The debate was well attended with some interesting guests on both sides. As well as myself, the proposing team also had Oxford student Elizabeth Culliford, Nevada brother owner, Dennis Hof, and a last minute step-in from the English Collective of Prostitutes called Emma (her last name escapes me, I shall get back to you on that one). On the opposing team: Julie Bindel, authour and co-founder of Justice for Women, feminist activist Finn MacKay and campaigner Ellie Levenson, as well as another last minute addition (whose name also escapes from) of Cambridge University professor and expert in human trafficking.
Unfortunately, I can no longer claim to maintain a winning streak at these debates as the opposing team were victorious in the end. However, I was very satisfied with the contribution I made and with how my speech was received.
As promised, below is a transcript of my speech. Please feel free to add you comments and thoughts on the topic.
'This House Would Recognise Prostitution as Legitimate Business'
My name is Johnny Anglais. Someone in this room, however, knows me as Benedict Garrett. Mr.Garrett, in fact, as I was his teacher. Now, I regularly perform as a stripper and in pornography.
I am also a prostitute.
I am not ashamed of it. I believe there is a distinction between porn performer and prostitute, but I have no problem with being called a ‘prostitute’. My main clients are either women but, more commonly, men who wish to hire me as a ‘gift’ for their wife or girlfriend.
I am not a prostitute out of any desperate need. Although, like most people who are struggling to make money in this capitalist system that, rather than promoting a sense of community and self-worth, is about promoting individual greed and the accumulation of, through, essentially, whatever means, material wealth, I do have rent to pay, bills to pay, a dog to look after and I also care for someone else’s child because they were incapable of doing so without harming him. But I am not destitute or funding a drug habit. In fact, I know many prostitutes (they might call themselves escorts, they are prostitutes). Mostly women. None of them are destitute. Some, like many people, may have had troubles in their childhood, others not at all, some well educated, others less so.
Prostitutes are not just poor, defenceless women. I find it rather disingenuous the continual and disproportionate highlighting of concern that some so-called ‘feminists’ have for women in prostitution. My concern is not for women. My concern is for everyone. I care not what the numbers or the differentials are between the abuses of women and men in prostitution. The fact that any abuse exists should be enough for us to be sufficiently concerned for their well-being and a desire to take action to protect all regardless of their gender. For there are also poor, defenceless men who have to suffer at the hands of such brutes as Boy George who, back in 2007, reportedly held a rent boy hostage by hand-cuffing him to a chair and attacking him with metal chains. Equally, there are empowered, confident women who are prostitutes and doing it because they enjoy it and choosing to do it as a REAL option and not because it is their ONLY option, despite what some ‘feminists’ may have you believe.
This is not to say that I am happy with the current state of prostitution in this country. I am absolutely not. Of course, there are corrupt and abusive pimps who treat their prostitutes like little more than slaves. There are women trafficked over from abroad and imprisoned in properties up and down this land (reportedly over 8,000 in London alone) and forced to work as prostitutes. There are women, and men, who dangerously walk the streets, taking their lives into their own hands and never knowing where they could end up that night, if even still alive. There are women and men who do it simply out of desperation: to feed themselves, to keep themselves warm, to support their families or to fund an addiction. There are clients who treat the prostitute whose services they acquire with little or no respect. But there are bad and risky elements to many industries. Do we say that fashion is a non-legitimate business because some companies use child slave labour in Bangladesh, that we should live in a state of anarchy because some politicians fiddle their expenses so lets ban them, or that all teachers are perverts because a few may have slept with their students? Bad apples does not equate to a rotten crate. The principle of producing and providing apples is still a good and well-intentioned one.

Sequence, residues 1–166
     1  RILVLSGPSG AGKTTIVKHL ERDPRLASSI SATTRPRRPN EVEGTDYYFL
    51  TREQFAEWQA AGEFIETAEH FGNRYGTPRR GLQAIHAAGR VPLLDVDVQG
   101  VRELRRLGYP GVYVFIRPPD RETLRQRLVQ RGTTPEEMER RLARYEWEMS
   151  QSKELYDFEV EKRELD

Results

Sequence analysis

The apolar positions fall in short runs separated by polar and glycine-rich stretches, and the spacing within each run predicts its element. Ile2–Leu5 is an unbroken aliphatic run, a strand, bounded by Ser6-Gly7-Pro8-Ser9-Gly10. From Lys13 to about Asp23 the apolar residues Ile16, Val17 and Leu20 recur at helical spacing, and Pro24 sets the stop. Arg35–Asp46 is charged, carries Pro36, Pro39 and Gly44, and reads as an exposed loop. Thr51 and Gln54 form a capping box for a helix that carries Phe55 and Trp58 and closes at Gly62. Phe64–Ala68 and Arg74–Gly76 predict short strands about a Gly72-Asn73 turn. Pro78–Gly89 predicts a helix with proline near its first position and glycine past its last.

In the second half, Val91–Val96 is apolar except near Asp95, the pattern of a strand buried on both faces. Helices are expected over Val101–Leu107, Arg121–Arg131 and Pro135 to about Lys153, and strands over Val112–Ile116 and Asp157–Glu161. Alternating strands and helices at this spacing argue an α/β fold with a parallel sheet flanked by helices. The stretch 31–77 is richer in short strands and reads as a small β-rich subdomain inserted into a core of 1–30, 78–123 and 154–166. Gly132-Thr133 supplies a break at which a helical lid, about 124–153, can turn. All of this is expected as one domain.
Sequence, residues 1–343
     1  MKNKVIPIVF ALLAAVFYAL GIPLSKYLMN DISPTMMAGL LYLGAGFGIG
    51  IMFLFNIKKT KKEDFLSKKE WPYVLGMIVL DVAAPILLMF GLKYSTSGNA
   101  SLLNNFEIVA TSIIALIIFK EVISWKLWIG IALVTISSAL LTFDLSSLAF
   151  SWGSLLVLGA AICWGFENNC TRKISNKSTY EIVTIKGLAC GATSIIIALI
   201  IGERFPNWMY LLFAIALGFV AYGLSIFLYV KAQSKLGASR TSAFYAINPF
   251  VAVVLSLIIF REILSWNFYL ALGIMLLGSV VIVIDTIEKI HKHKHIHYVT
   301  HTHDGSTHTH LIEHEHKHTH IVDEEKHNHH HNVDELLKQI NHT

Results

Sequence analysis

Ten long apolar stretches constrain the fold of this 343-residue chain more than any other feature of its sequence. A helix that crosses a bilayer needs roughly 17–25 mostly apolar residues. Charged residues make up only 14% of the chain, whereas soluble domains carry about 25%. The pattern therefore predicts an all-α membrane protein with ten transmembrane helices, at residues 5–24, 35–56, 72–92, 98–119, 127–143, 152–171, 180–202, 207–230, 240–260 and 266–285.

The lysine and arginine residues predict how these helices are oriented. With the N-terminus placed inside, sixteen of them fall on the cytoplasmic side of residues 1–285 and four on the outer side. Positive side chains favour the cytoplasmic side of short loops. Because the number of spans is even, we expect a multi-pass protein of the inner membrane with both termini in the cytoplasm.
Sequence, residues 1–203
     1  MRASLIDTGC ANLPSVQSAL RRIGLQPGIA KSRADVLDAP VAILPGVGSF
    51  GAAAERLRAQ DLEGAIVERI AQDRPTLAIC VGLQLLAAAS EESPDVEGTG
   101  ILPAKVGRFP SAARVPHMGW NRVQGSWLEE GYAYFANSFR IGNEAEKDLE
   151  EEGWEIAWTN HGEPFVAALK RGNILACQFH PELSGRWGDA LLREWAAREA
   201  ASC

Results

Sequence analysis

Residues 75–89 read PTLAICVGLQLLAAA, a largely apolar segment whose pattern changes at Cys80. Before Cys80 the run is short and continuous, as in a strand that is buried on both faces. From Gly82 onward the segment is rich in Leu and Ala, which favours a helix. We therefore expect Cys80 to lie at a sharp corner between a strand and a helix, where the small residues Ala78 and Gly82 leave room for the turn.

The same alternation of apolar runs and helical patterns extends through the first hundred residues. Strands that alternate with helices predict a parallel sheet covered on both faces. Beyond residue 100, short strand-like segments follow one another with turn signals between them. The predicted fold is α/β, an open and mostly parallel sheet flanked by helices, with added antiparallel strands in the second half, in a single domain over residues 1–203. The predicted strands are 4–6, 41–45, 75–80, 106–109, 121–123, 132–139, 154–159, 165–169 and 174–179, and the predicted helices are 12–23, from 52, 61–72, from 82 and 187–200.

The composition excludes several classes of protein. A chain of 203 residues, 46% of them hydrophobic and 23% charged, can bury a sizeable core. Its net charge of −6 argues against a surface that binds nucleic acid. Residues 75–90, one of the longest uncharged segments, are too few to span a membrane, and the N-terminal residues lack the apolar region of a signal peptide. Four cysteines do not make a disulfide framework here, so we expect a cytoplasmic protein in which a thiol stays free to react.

Indeed, I too take my own risks as a prostitute. I may be a 6ft 2in, well-built, healthy male, but in the possibility, slim or not, of being potentially confronted by a sadistic, psychotic and deranged individual what protection do I really have against a knife or a gun?
These are indeed real risks. But many jobs are risky, some riskier than others. By illegitimising a business and driving it underground, these risks are not eradicated. On the contrary, these risks become greater. What we need is the creation of a legitimate prostitution trade that is regulated and where the welfare of its workers is protected.
Some see prostitution as an evil in our society. Some see it as something that simply panders to the whims and desires of a still male-dominated society. I actually see it as a helpful and important service in our society. I’ve argued publicly many times that our national attitude to sex needs to change drastically. Its getting better but there is still vast room for improvement. Equally, our attitude to prostitution, the one that treats it as something sleazy, the people who work in it is as dirty and those who seek its service as depraved, also needs to be reviewed.
A desire for sexual gratification is a human need that, although not as crucial as oxygen, food, water and perhaps even shelter, follows closely behind them and rivals such things as our need for education, loving parents, physical exercise, leisure time, an active social life, having people we call friends around us. All of which we could survive without, but with enormous difficulty, leading to serious voids in our lives, potentially causing depression, stress, lack of opportunity and so on. Sexual gratification is a human need on this level.